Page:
#BudgetSession: expect a lot of sound and fury, and little business
With the Parliament's budget session resuming Monday, the Narendra Modi regime is hopeful of pushing through the GST bill, bankruptcy law and other key pieces of legislation. Only, the opposition appears in no mood to play along.
In all likelihood, the 15-day session will be consumed by political slugfests, not least over the "brazen manner" in which the Modi government has been dealing with non-BJP state governments.
The Congress, in particular, will seek to take the Modi regime to task for dismissing its government in Uttarakhand. The Uttarakhand High Court's quashing of the President's Rule has given the party enough ammunition, no matter what the outcome of the challenge to the high court's ruling. The Supreme Court is expected to decide on the challenge on 27 April.
The Congress, in fact, has already given a noticed for a discussion on the issue on the first day of the session. The notice is for the motion that "this House deplores destabilisation of the democratically elected government in Uttarakhand and disapproves the unjustified imposition of President's Rule under Article 356 of the Constitution".
Ominously, the notice was submitted - by the party's deputy leader in the Rajya Sabha Anand Sharma on Thursday --- at about the same time that Finance Minister Arun Jaitley was expressing hope for the "passage of bankruptcy law".
"We will raise this loud and clear. All parties are with us. Even the NDA ally Shiv Sena has criticised them for their intervention in states," said Congress leader Shakeel Ahmad.
He added, "How can a party which is using all kinds of undemocratic tricks to damage and destabilise state governments seek our support for its agenda in the House? Just consider the hypocrisy. The prime minister talks about cooperative federalism, but they are doing the exact opposite of what that."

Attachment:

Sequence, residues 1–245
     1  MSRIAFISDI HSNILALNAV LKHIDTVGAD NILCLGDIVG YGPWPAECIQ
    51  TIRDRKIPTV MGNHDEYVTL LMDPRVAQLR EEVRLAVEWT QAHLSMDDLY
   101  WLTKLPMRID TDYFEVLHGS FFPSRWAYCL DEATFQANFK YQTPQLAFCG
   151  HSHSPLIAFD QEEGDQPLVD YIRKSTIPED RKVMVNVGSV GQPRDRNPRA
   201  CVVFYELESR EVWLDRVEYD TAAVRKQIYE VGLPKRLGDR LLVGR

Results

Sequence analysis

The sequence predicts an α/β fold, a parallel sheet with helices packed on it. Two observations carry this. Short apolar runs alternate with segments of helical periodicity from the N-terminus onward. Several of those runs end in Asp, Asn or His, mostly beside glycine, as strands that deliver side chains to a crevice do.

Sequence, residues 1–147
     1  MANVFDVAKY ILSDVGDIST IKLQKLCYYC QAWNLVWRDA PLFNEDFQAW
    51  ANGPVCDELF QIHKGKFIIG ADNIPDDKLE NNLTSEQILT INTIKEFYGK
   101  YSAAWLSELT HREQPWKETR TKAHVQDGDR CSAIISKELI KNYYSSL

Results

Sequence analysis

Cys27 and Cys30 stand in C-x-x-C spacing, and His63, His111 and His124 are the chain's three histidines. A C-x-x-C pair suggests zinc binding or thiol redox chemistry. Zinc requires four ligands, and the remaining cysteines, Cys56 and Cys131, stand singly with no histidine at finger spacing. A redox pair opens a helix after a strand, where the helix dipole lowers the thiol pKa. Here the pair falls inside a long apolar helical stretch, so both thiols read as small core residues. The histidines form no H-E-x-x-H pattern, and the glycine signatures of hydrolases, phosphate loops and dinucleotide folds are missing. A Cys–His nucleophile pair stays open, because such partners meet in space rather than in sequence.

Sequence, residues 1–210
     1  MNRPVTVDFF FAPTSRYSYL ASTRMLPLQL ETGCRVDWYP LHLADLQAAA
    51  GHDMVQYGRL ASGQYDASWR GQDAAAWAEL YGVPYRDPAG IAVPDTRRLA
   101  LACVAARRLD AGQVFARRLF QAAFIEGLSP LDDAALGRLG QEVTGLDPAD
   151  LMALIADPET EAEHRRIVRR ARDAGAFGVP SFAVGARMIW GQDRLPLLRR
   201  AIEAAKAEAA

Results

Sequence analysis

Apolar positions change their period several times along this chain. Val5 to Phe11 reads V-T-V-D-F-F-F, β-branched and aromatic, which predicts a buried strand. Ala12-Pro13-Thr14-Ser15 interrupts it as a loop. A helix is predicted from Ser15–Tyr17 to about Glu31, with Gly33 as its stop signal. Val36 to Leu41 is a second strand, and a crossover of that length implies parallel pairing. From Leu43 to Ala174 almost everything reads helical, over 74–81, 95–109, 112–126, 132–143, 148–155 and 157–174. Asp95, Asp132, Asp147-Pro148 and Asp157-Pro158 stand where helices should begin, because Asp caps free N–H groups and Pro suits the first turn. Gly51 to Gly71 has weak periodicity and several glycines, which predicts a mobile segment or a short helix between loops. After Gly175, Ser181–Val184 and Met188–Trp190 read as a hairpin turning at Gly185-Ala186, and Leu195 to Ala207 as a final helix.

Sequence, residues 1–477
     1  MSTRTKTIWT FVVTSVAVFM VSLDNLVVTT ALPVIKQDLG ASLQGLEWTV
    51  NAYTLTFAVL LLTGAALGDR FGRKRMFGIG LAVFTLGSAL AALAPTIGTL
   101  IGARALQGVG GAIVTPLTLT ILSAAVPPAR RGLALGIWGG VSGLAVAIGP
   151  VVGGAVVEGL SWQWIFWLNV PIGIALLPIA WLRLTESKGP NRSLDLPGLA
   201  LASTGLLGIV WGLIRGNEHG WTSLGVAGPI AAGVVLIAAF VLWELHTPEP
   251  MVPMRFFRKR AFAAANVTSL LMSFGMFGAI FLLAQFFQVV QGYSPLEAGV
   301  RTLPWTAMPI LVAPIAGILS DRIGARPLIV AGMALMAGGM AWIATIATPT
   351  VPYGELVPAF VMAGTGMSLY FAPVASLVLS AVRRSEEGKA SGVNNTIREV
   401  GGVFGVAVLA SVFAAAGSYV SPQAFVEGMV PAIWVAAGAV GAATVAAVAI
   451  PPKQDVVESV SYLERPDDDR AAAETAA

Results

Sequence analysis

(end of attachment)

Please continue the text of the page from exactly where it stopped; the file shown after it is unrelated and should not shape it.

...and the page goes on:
State of unrest
It's not just about Uttarakhand either. The Congress has blamed the BJP for felling its government in Arunachal Pradesh early this year. The Nabam Tuki regime was ousted after the BJP legislators backed a no confidence motion brought by 20 dissident Congress MLAs. The Congress fears the BJP is now "playing the same game" in Manipur, Karnataka and Himachal Pradesh, the last remaining bastions of the Grand Old Party.
That most, if not all, regional parties feel strongly about the Centre trampling over the states is advantage Congress. Parties such as the JDU, AAP, CPI and CPM are set to join the Congress's attack. Many of them are also miffed with the Modi regime for "lack of cooperation" with and help for their respective state governments. Most recently, AAP has charged the BJP with "conspiring to cancel the membership of some AAP legislators" in a bid to destablise its government in Delhi.
The BJP is anticipating as much. In fact, some leaders are angry with the leadership for bringing this on the party. "Uttarakhand will vote for a new government in the next few months. They should have waited for the polls instead of giving the Congress an opportunity to play the victim and gain public sympathy," said a top BJP leader. "These interventions have only damaged the central government's reputation."
The protest by the Opposition will be more strident in the Rajya Sabha, where they are a majority. "Hitting the Congress and other parties in their bastions isn't going to score the Modi government any favours from them in the House. We have all the reason to be aggressive," said a Congress leader.
Edited by Mehraj D. Lone